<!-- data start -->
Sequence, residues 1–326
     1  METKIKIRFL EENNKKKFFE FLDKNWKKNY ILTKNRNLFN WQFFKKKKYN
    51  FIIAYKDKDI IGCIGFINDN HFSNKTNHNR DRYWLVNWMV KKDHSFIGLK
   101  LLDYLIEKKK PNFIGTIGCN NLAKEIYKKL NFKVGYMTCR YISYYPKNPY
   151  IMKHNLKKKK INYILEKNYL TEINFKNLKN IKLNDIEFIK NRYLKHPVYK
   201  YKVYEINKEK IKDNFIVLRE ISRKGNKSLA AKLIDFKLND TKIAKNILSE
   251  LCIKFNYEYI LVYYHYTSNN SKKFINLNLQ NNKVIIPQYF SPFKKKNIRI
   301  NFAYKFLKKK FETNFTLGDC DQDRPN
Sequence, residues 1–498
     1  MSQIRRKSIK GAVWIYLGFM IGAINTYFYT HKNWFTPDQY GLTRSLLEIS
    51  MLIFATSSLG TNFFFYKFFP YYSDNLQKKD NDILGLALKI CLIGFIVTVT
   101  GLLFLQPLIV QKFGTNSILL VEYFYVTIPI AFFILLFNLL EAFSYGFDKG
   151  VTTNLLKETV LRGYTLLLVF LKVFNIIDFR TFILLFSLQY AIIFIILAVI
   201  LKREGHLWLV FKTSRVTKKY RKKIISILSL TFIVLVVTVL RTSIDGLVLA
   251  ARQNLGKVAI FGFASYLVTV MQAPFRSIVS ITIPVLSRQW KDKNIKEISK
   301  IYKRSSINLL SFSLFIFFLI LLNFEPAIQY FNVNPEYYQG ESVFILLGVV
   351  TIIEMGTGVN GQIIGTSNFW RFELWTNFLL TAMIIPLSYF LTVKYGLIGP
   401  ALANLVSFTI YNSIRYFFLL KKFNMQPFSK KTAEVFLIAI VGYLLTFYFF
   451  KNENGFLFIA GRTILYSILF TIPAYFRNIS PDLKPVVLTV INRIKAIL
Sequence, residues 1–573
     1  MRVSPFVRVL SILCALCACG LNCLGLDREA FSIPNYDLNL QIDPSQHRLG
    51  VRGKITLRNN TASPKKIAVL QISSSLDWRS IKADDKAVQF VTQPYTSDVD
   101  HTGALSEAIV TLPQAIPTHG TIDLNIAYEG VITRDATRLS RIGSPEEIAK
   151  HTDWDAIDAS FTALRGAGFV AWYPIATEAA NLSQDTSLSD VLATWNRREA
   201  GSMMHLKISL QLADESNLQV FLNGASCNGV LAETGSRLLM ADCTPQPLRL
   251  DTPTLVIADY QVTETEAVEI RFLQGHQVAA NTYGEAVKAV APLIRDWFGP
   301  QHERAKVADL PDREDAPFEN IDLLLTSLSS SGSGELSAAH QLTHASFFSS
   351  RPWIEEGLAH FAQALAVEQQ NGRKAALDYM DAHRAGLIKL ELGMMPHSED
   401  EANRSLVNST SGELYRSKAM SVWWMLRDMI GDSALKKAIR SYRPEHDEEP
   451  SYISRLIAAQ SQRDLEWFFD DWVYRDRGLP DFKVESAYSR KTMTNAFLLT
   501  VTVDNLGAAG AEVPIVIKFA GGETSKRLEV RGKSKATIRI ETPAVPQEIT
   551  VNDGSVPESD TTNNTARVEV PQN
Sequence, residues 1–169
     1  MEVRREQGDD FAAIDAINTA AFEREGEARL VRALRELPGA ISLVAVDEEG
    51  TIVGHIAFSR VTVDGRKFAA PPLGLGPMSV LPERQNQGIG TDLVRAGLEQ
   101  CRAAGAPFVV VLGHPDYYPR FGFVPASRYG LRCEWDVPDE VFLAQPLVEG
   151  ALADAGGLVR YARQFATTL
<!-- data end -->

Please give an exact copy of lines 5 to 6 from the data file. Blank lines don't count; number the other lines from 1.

   151  IMKHNLKKKK INYILEKNYL TEINFKNLKN IKLNDIEFIK NRYLKHPVYK
   201  YKVYEINKEK IKDNFIVLRE ISRKGNKSLA AKLIDFKLND TKIAKNILSE